2. In the case of S. Shanmugan Pillai vs. K. Shanmugan Pillai (1972), the Supreme Court favored family arrangements that promote harmony through an amicable resolution of any property dispute between close relatives. Furthermore, the court will be hesitant to disrupt any peaceful settlement that may emerge as a result of the parties’ mutual agreement.
  3. In the case of Tek Bahadur Bhujil vs Devi Singh Bhujil (1965), the Supreme Court validated oral family arrangements and held that registration is required if the arrangements are in writing.


As a result, it is concluded that property disputes in families are unfortunately very common, particularly in India, and can have disastrous consequences. To avoid this type of situation, the easy and peaceful method of property settlement is mutually agreeing on the division of property, but the agreement must be performed in good faith and with free consent. If the settlement does not resolve the dispute, the parties must file a partition suit for their rights in the property, where the court will decide the share between the family members.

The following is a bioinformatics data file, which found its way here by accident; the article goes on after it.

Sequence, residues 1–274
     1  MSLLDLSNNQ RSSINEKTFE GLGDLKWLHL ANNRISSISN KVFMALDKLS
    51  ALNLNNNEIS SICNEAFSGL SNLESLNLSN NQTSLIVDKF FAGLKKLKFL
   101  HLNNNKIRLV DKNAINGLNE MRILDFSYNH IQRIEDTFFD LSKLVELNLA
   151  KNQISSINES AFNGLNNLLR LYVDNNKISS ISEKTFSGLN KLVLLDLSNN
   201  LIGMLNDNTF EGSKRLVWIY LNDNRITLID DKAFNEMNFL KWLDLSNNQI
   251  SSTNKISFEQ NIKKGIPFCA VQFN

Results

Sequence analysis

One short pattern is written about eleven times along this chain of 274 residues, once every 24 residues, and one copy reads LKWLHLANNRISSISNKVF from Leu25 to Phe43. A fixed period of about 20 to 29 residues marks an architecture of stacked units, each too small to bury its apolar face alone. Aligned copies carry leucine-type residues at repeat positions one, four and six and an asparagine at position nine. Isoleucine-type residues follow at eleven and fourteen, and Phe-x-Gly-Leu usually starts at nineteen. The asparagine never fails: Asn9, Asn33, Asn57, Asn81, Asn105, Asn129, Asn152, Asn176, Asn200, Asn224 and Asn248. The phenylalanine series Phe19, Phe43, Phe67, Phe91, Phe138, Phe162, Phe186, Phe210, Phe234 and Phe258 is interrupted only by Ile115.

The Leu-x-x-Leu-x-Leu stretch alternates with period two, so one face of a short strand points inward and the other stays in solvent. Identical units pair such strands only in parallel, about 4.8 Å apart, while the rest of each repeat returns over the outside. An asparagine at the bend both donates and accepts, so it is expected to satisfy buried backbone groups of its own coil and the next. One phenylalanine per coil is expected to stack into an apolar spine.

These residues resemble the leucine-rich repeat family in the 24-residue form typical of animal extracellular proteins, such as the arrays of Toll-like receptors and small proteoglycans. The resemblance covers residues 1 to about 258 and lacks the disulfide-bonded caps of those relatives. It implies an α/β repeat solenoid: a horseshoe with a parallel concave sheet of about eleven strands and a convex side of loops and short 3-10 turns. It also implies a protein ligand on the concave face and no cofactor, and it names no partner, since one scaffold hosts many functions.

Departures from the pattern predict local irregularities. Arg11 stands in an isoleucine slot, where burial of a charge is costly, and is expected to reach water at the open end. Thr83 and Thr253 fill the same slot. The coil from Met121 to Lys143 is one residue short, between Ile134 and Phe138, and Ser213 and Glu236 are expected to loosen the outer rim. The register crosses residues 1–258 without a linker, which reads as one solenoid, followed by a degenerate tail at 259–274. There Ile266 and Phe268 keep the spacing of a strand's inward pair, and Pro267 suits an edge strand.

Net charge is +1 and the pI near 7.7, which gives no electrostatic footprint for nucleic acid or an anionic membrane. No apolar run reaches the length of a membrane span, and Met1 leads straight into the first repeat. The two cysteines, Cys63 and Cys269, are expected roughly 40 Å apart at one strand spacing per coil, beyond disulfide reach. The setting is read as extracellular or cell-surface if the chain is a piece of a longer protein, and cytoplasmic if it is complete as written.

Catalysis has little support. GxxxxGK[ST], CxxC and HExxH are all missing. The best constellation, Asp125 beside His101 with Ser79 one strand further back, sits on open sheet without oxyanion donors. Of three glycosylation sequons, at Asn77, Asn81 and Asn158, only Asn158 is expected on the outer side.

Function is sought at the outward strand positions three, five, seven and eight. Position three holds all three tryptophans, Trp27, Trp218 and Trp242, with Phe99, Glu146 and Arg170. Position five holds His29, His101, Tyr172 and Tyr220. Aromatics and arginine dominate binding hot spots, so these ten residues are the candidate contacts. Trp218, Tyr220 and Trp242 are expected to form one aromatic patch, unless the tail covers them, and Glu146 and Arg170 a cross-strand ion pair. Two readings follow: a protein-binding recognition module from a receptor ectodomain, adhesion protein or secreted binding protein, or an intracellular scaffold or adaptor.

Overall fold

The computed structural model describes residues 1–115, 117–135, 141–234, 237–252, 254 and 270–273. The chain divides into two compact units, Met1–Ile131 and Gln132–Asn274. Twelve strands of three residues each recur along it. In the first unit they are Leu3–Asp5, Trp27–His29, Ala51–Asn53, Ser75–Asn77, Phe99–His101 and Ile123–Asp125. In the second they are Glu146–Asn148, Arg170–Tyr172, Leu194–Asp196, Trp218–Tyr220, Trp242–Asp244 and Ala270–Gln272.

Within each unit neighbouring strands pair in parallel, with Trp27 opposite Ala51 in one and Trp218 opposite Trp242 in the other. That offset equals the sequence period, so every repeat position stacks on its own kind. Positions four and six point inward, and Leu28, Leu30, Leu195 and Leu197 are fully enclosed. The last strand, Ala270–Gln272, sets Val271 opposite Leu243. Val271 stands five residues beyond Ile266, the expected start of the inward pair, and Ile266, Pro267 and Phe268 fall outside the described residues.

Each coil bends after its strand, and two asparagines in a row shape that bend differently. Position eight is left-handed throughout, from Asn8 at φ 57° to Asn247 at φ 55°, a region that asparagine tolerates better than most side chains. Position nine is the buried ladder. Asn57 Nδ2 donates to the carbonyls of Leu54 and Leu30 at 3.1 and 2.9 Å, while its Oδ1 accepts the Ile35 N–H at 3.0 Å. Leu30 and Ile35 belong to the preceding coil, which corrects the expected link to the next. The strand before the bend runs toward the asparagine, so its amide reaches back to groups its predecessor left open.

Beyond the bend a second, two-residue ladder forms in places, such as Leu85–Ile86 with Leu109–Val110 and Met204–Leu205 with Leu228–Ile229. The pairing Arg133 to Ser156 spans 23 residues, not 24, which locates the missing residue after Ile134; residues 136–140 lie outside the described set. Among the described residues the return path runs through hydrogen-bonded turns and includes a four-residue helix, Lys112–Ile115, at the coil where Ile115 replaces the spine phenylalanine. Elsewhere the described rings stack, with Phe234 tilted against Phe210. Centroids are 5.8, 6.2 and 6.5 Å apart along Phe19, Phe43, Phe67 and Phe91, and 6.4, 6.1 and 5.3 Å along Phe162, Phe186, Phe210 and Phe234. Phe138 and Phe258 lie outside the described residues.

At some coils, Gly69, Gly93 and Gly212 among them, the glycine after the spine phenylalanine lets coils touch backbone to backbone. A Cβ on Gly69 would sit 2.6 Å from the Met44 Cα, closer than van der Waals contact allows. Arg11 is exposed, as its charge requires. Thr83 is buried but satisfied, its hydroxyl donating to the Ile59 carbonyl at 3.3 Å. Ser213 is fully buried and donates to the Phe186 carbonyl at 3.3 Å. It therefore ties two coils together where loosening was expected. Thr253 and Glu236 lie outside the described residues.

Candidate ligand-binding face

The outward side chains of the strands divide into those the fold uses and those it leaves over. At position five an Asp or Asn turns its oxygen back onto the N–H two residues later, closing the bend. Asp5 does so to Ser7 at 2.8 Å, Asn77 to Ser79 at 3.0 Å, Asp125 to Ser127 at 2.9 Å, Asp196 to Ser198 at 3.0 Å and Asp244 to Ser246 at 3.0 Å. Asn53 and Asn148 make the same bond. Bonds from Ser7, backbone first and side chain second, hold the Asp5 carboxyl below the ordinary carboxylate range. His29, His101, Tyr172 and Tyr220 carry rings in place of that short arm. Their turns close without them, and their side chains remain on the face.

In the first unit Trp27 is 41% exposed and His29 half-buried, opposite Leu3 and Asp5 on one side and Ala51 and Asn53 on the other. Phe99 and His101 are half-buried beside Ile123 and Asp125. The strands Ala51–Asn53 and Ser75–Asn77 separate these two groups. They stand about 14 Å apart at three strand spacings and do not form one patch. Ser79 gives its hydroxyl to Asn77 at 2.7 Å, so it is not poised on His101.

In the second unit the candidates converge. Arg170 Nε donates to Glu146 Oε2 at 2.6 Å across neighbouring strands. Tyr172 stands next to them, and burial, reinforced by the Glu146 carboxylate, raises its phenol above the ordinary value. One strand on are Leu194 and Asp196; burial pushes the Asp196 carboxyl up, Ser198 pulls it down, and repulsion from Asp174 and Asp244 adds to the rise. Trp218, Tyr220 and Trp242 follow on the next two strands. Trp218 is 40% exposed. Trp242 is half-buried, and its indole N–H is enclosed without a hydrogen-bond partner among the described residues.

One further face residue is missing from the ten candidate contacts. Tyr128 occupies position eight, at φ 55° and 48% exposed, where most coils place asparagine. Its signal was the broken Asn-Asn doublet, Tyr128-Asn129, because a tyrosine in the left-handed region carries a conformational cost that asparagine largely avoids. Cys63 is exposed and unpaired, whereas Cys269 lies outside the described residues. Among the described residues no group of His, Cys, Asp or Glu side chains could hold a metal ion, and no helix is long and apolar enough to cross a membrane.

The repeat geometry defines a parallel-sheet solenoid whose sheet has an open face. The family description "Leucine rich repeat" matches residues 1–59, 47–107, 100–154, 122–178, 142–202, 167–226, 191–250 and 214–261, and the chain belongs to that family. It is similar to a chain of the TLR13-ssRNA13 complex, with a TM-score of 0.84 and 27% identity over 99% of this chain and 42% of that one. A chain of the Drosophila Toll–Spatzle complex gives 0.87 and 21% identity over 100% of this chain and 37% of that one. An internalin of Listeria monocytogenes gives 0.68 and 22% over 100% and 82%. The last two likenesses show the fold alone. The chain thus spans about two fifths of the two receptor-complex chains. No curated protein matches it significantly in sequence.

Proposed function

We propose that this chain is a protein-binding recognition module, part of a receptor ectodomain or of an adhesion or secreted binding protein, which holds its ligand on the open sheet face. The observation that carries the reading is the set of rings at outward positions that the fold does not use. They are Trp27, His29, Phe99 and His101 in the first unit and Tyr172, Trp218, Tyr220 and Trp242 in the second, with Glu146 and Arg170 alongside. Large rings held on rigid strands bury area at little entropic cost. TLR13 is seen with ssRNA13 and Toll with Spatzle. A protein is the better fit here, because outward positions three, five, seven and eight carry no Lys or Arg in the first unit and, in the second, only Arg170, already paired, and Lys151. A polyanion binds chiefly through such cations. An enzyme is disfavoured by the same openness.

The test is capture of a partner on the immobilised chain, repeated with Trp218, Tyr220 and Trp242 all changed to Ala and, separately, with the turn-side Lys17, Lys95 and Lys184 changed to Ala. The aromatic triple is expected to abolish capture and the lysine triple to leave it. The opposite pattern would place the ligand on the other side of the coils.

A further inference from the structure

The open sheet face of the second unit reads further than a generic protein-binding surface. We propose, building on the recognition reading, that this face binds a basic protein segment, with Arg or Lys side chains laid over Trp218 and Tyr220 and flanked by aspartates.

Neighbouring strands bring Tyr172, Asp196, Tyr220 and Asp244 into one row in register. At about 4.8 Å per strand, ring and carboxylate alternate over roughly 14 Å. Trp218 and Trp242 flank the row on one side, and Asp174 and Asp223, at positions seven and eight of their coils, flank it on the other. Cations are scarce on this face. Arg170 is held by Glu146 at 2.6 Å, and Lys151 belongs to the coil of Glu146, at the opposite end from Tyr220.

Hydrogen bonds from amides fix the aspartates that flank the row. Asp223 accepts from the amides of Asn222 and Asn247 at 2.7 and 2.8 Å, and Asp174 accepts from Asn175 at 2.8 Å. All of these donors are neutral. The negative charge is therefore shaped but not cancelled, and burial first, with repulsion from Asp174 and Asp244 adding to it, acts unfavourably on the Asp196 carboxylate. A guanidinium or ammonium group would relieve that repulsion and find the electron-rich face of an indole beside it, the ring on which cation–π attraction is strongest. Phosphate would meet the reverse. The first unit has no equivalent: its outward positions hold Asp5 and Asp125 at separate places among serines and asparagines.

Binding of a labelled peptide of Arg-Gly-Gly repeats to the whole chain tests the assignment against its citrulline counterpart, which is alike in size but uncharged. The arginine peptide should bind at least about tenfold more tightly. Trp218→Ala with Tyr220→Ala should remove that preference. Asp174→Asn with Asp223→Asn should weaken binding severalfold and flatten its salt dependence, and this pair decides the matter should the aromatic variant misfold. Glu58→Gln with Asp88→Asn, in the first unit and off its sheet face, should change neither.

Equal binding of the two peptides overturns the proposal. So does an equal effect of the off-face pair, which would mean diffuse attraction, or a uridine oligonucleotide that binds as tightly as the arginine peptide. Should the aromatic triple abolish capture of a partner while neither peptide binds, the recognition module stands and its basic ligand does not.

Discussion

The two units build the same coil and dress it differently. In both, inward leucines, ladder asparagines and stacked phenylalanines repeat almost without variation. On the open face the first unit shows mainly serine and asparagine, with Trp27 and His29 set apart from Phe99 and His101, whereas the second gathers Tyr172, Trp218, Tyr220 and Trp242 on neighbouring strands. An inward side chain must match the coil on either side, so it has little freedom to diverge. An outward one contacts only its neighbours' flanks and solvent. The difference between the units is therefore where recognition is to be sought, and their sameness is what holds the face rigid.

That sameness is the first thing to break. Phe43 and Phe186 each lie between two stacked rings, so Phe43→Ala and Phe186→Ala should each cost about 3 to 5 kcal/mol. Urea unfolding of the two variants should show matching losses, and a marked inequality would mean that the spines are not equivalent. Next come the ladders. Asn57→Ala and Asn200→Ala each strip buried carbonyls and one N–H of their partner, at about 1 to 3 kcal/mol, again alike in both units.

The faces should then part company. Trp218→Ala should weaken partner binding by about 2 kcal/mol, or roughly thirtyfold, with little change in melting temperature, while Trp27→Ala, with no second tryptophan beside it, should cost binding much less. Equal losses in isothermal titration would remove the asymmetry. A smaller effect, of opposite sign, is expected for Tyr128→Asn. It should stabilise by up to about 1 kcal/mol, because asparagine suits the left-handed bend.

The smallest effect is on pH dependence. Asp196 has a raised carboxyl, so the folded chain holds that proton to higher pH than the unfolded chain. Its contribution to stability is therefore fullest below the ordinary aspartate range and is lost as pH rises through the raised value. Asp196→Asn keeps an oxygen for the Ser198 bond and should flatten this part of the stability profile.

1. Khunni Lal & Ors. vs Kunwar Gobind Krishna Narayan & Anr, 1911 (13) BOMLR 427
  2. S. Shanmugan Pillai & Ors. vs K. Shanmugan Pillai & Ors. 1972 AIR 2069
  3. Tek Bahadur Bhujil vs Debi Singh Bhujil And Ors AIR 1966 SC 292
  4. See Bhupender Tanwar, What are the main reasons for disputes in a family, lawtendo.com, (Apr 23, 2021) https://www.lawtendo.com/blogs/what-are-the-main-reasons-for-disputes-in-a-family (Last visited Sept.28, 2022)
  5. See Prachi Darji, Property Partition Laws in India, myadvo.in (Sept 19, 2019) https://www.myadvo.in/blog/family-partition-a-legal-perspective/ (Last visited Sept.28, 2022)
  6. See Tulna Rampal, Property disputes and memorandum of settlement in India with a view on family disputes, blog.ipleaders.in (June 9, 2022) https://blog.ipleaders.in/property-disputes-and-memorandum-of-settlement-india-with-a-view-on-family-disputes/ (Last visited Sept. 28, 2022)